Shootz: Chicago Bears Getting Used to a Little Island Flavor

Max KienzlerAnalyst IJune 18, 2009

CHARLOTTE, NC - SEPTEMBER 14:  Olin Kreutz #57 of the Chicago Bears blocks during the game against the Carolina Panthers at Bank of America Stadium on September 14, 2008 in Charlotte, North Carolina. (Photo by Kevin C. Cox/Getty Images)

Center Olin Kreutz has been a staple in the Chicago Bears organization since the team drafted him out of Washington St. 12 years ago. Kreutz, a leader both on the field and in the locker room, leads by example through hard work and determination. He keeps players in line and commands respect from not only his teammates, but opposing players as well.

Kreutz was raised and played high school football in Hawaii for St. Louis High, a team consistently playing for the island title, where he was all-state in both football and wrestling. Hawaii was his kickoff point for a prosperous and productive NFL career.

And Kreutz isn't the only one to bring the island madness to the team.

The Bears selected safety Al Afalava in the sixth round of the 2009 draft. Afalava grew up in Laie, located on the north shore of Oahu, and played high school for the Kahuku Red Raiders, a perennial powerhouse, before moving on to Oregon St.

If you look closely, there are quite a few connections to the pacific islands throughout the Bears roster:

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Undrafted free agents Will Ta'ufo'ou (FB from Cal) and Johan Asiata (OG from UNLV) are both in contention for roster spots. Asiata, originally from New Zealand, actually grew up in Hawaii.

Reserve defensive tackle Matt Toeaina played high school football on the tiny island of American Samoa, which is located east of Fiji and North of Tonga before he moved on to play college ball at the University of Oregon.

Newly acquired linebacker Pisa Tinoisamoa played for the University of Hawaii for four years. He made first team all WAC his senior year and was drafted in the second round of the 2003 NFL draft by the St. Louis Rams.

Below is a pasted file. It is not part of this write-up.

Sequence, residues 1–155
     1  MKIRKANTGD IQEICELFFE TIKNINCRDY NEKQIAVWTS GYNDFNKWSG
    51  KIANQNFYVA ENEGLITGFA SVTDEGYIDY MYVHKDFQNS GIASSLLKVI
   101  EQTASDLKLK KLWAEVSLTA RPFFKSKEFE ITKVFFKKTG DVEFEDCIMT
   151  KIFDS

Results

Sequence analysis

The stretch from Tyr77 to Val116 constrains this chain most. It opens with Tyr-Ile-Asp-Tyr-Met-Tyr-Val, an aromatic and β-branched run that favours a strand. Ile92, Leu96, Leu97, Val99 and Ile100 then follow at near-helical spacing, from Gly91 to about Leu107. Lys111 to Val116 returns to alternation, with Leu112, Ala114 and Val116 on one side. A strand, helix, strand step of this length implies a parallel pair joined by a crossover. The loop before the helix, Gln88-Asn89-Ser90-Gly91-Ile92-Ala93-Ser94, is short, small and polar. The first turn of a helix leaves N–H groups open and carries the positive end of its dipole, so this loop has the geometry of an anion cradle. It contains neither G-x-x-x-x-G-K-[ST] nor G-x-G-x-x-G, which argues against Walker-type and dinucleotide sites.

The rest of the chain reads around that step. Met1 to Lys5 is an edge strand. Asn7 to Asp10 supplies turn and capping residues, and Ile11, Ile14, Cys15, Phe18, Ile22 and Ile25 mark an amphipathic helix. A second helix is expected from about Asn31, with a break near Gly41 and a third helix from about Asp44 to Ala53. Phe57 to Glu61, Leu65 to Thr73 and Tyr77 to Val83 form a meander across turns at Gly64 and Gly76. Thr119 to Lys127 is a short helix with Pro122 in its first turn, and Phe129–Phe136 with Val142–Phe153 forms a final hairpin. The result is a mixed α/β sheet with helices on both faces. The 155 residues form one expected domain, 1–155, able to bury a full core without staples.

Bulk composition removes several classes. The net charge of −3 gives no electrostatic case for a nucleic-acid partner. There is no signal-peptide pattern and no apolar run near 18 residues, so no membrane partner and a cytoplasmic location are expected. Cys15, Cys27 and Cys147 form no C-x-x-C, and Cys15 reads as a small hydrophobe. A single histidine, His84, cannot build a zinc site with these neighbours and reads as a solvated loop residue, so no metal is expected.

The Bears even have had a couple Hawaii players represented on the practice squad and in training camp. Safety Leonard Peters, also a Kahuku graduate, was on the Bears practice squad for the 2007 season. And former UH standout wide receiver Ryan Grice-Mullens was added to the Bears roster last season in training camp to add some depth, but failed to make the final cut.

And it doesn't end there, lets kick it back a little further.

Anyone remember tight end Gabe Reid? He played four years for the Bears from 2003 through 2006 and recorded a total of seven receptions—okay, not exactly stellar numbers but Reid was also a product of American Samoa and was a competent third stringer for the team.

And if you want to go old-school, how about Lakei Heimuli? Heimuli was a running back out of BYU who grew up in Tonga and played one season for the 1987 Chicago Bears. He only made it into three games that year, but to be fair, his numbers weren't terrible: 34 carries for 128 yards (for a 3.8 average), and five receptions for 51 yards and one lone touchdown.

So really, this island theme from the Bears is not a new one. And judging from recent trends, look for more and more of these Polynesian products to follow in the footsteps of Kreutz, Pisa, Seahawks linebacker Lofa Tatupu, and Steelers safety Troy Polamalu.

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